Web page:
In the United States, faith-based abstinence-only programs in schools have received $ 1.3 Billion in government funding between 1982-2008. This “save yourself until marriage” agenda has a 90% failure rate. Rationalizing this kind of spending on an essentially faith-based agenda – as opposed to comprehensive sex education, which teaches students about birth control, such as condoms, as well as abstinence – in a country that has a supposed buffer (yeah, right) between church and state begs any thoughtful, sex-loving or even moderately literate human being to ask WTF?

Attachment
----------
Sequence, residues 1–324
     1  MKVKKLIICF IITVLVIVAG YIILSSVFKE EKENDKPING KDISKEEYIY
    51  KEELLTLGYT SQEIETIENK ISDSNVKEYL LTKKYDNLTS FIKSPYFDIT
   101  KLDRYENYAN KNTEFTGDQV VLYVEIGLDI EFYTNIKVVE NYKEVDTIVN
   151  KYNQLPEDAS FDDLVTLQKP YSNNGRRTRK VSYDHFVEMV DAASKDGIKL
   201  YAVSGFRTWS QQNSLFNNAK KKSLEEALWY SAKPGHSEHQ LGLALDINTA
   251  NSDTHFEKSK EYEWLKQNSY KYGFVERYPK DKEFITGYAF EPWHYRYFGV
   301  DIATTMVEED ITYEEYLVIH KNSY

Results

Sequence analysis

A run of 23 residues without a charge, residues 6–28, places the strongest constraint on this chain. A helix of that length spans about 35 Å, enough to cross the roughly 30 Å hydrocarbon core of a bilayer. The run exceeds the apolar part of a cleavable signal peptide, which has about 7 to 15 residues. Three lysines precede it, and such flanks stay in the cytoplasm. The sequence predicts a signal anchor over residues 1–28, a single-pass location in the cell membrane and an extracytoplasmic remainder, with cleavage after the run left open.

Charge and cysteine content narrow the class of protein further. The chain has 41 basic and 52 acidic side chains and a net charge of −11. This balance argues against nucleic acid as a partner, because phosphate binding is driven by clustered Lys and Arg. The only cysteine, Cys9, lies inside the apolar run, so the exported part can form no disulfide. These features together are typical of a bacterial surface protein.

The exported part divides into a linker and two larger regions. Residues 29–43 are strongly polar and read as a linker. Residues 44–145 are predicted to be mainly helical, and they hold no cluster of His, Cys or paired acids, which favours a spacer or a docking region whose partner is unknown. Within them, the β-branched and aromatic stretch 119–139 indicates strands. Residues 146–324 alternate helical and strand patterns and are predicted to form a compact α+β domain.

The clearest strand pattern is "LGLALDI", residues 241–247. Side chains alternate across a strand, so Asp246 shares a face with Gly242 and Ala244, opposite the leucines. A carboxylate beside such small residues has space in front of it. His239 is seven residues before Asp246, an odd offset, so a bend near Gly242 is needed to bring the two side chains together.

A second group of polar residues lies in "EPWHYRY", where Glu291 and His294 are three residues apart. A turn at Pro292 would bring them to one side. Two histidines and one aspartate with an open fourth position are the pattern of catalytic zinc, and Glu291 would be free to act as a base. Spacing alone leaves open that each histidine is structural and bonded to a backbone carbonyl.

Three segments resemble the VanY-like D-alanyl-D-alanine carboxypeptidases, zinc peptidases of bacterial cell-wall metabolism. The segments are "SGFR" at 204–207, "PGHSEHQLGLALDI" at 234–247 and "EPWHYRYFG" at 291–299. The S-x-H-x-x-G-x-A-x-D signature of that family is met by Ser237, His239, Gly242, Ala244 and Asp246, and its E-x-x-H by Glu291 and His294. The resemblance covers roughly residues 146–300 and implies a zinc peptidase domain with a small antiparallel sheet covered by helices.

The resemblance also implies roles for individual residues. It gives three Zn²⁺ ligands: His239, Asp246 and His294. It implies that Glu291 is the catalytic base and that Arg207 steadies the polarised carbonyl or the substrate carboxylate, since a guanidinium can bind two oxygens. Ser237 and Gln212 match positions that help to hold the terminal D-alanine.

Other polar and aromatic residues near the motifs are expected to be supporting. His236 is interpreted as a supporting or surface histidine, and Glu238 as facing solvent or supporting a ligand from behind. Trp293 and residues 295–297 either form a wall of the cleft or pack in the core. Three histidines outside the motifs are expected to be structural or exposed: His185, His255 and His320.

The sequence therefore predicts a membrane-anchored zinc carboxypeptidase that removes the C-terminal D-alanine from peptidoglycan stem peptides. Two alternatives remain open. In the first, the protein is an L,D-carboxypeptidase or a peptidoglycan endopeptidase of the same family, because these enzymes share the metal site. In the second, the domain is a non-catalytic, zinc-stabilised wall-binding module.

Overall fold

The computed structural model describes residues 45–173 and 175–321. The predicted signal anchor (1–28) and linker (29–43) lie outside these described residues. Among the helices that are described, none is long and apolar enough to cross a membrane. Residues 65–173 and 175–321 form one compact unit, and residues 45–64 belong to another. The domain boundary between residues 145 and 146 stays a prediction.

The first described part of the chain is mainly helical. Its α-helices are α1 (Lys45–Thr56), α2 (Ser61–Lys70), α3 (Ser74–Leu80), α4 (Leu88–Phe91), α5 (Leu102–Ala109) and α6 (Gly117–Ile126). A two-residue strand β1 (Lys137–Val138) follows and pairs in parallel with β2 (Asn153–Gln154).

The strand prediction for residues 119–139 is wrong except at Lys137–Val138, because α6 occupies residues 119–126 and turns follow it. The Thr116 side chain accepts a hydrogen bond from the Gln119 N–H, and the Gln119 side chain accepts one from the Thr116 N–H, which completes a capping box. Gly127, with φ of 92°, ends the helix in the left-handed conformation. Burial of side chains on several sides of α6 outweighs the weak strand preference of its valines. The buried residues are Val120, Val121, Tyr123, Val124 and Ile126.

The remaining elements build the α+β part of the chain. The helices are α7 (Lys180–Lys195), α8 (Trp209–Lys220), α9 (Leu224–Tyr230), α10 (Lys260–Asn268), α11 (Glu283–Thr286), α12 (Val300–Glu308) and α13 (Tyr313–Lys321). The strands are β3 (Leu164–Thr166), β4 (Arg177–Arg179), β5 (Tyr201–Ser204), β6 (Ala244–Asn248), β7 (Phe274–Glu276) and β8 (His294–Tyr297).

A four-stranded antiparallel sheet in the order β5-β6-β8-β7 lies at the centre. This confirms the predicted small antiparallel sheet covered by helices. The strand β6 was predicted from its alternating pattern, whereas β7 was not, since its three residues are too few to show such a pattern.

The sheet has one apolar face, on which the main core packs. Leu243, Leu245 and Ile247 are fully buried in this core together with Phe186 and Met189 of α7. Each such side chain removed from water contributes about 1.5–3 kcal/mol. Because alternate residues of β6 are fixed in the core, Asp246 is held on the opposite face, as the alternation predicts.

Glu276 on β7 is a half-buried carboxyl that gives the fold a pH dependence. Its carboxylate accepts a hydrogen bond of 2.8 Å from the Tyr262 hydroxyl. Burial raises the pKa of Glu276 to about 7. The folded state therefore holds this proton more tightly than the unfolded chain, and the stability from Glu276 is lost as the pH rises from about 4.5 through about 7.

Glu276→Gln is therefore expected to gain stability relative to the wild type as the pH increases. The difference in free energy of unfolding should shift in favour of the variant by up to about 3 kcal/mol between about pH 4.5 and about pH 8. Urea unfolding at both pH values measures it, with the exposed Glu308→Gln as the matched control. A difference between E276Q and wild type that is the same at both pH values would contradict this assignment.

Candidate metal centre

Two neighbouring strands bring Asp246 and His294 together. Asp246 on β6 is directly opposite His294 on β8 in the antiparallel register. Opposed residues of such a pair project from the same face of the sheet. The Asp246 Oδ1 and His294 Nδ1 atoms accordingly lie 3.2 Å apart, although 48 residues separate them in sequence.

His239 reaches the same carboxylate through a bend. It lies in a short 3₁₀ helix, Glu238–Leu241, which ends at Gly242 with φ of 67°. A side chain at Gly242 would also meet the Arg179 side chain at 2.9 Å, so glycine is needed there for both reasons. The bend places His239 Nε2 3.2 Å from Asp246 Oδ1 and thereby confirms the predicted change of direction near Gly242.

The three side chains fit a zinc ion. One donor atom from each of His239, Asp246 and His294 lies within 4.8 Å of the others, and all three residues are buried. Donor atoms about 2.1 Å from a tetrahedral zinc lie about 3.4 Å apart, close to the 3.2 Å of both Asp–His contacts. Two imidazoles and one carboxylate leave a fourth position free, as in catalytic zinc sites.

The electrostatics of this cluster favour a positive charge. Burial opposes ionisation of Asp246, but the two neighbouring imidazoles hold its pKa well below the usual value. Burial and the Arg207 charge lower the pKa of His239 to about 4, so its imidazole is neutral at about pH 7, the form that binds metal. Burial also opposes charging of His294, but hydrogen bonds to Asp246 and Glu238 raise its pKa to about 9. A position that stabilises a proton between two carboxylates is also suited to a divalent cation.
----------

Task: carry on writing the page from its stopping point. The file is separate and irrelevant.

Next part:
And that is exactly what bubbly blonde actress-turned-filmmaker Cassie Jaye of Jaye Bird Productions wanted to explore in her Cannes Film Festival award winning documentary Daddy I Do.
She says, “When 95% of young people have sex before marriage, it should be a crime to withhold the information on how to protect themselves from unwanted pregnancy and STDs. Even more terrifying is that abstinence-only programs are spewing misinformation about condoms and contraceptives, to the point of telling young people ‘don’t bother using a condom because it doesn’t protect you.'”
I had a one-on-one with 24-year old Oklahoma native Jaye, who now graces the Bay Area with her production company, which is a family operation. The one-time supporter of these “chastity is king” programs, Jaye is now dipping in the honey pot like the rest of us sinners – and thus offers a unique ‘all-sides’ perspective.